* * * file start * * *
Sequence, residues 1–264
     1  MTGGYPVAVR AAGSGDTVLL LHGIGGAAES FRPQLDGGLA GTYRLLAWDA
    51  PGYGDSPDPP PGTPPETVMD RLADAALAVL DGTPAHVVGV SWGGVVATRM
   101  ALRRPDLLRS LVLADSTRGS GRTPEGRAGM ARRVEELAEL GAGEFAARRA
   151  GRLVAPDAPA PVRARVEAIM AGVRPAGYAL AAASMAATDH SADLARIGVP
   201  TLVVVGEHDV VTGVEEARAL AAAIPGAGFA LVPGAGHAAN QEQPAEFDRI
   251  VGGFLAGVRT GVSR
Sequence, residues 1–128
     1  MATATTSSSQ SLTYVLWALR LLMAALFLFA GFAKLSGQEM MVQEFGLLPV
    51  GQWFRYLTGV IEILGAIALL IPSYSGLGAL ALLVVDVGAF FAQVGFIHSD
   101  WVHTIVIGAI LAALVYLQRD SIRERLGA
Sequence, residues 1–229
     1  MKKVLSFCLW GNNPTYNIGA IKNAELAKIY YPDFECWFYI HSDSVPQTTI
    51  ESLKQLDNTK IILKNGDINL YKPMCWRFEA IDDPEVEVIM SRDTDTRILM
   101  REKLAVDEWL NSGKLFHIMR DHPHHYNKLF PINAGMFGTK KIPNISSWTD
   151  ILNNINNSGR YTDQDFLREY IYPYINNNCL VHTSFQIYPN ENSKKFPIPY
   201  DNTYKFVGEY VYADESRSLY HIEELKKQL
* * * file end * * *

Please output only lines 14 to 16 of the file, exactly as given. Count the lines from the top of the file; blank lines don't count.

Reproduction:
    51  ESLKQLDNTK IILKNGDINL YKPMCWRFEA IDDPEVEVIM SRDTDTRILM
   101  REKLAVDEWL NSGKLFHIMR DHPHHYNKLF PINAGMFGTK KIPNISSWTD
   151  ILNNINNSGR YTDQDFLREY IYPYINNNCL VHTSFQIYPN ENSKKFPIPY